Again, check with us if you’re worried that practicing this ART might throw off your spending and withdrawal rates.

Your parents’ retirement

We inherit many of our attitudes about money from our parents. We watched them deal with their finances when we were growing up. We heard them whispering about that fancy new car the neighbors bought. We saw how their feelings towards money affected holidays and vacations.

And if you’re a baby boomer, there’s a good chance you absorbed money ideas that were profoundly influenced by your parents’ experiences of the Great Depression and World War II. That belt-tightening probably carried over into how your parents lived in retirement as well.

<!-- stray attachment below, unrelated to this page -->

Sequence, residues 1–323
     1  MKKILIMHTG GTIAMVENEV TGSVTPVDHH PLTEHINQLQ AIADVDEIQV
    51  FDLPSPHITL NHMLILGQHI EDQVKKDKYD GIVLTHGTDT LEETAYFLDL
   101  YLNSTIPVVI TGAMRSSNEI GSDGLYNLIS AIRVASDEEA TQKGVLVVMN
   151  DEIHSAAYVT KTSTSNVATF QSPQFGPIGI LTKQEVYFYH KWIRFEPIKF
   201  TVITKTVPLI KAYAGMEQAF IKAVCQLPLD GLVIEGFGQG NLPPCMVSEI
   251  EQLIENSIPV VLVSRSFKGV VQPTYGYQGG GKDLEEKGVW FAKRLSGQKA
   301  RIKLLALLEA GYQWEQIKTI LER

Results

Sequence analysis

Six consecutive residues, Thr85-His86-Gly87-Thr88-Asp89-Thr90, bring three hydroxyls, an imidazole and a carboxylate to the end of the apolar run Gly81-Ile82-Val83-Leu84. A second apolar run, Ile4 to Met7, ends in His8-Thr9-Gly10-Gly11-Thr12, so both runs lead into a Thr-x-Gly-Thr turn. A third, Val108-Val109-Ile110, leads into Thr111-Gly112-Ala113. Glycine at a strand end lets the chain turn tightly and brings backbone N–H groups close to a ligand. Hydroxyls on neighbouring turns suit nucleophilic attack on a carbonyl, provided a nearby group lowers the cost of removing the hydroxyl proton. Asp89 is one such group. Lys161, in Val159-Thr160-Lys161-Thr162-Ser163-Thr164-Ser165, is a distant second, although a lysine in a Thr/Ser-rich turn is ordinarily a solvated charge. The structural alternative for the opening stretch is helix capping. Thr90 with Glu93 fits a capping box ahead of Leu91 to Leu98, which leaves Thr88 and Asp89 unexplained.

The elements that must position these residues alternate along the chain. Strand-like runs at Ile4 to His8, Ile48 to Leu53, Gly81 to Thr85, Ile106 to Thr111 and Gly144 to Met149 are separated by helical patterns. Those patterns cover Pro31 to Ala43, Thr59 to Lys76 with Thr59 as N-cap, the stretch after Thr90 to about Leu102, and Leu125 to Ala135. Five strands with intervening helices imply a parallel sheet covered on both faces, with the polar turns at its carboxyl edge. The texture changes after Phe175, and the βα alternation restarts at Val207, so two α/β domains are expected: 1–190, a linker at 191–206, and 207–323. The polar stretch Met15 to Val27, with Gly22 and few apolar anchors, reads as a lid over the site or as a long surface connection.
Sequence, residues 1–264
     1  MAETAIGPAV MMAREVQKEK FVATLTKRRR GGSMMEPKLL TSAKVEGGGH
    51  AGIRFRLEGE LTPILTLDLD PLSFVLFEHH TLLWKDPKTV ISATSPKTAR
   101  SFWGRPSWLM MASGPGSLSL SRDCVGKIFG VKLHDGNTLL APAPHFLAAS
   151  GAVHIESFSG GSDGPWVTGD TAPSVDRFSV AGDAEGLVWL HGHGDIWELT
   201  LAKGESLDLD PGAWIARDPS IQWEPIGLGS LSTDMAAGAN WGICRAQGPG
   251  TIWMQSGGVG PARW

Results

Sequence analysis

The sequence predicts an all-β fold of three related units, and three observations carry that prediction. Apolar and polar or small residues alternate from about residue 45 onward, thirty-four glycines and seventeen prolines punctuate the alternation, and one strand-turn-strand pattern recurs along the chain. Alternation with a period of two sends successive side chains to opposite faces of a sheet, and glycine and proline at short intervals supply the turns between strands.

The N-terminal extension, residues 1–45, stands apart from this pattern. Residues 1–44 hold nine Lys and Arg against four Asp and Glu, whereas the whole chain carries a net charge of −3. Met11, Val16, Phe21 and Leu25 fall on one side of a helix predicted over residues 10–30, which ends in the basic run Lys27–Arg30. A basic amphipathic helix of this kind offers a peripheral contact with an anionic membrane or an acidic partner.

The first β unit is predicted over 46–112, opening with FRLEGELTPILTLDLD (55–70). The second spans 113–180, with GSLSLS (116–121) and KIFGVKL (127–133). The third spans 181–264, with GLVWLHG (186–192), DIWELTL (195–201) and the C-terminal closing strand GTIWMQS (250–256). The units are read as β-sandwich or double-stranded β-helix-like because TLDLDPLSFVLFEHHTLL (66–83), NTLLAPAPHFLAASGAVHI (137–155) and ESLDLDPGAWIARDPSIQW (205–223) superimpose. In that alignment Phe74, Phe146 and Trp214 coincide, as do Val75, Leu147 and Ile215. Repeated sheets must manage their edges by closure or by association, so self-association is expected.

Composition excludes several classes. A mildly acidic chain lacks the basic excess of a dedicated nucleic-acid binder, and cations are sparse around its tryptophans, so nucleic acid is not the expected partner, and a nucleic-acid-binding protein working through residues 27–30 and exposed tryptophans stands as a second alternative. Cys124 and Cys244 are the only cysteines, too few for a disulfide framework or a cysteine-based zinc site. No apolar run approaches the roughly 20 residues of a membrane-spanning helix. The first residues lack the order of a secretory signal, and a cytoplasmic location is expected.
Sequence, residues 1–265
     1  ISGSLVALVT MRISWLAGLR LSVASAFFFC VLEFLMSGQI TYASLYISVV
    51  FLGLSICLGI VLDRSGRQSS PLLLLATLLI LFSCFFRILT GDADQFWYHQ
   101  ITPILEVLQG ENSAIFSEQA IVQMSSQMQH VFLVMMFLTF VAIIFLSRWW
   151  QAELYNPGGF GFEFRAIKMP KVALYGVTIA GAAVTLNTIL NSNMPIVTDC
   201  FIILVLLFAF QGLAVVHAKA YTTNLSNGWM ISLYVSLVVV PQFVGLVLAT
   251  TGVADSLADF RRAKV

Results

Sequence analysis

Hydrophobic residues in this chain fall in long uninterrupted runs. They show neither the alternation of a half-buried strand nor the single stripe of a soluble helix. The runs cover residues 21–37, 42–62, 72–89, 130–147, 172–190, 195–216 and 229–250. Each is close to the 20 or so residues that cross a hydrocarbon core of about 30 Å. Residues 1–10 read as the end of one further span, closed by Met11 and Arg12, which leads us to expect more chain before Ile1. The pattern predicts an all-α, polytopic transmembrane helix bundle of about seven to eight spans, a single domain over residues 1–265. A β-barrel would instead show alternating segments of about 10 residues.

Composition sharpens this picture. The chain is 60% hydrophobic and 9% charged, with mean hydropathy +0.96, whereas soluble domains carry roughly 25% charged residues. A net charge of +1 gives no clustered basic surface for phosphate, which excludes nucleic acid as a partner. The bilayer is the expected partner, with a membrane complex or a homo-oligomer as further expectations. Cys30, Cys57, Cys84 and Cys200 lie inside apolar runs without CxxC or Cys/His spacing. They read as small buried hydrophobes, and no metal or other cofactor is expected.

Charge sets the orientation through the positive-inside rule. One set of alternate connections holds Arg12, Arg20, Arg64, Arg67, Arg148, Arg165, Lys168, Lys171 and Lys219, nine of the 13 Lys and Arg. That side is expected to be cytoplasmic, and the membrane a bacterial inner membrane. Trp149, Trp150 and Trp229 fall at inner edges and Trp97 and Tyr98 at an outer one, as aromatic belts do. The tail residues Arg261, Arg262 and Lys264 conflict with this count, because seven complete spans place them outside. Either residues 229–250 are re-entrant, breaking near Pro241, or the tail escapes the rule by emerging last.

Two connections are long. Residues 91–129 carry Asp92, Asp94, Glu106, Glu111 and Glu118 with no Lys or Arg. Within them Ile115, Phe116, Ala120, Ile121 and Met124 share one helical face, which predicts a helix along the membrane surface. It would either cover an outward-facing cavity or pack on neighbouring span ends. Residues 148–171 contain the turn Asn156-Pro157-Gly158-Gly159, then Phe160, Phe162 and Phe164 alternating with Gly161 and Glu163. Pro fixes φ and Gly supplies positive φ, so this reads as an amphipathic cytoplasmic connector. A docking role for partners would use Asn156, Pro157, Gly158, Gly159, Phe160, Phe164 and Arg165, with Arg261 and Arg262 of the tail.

But your retirement is going to be very different than your parents’ retirement. Advances in technology and our understanding of fitness and nutrition may keep you healthier and more active than retirees from a generation ago. Advances in communication and transportation have made the world much smaller, its wonders and opportunities for learning more accessible. You’re going to have time to create an exciting new chapter in your life.

And your financial plan is going to give you the resources to live that chapter to its fullest.

If you’re having trouble “flipping the switch” and getting into a reward mentality, please come in to Keen Wealth and talk to one of my fiduciary advisors. You deserve to live the most rewarding life possible in retirement. We can help.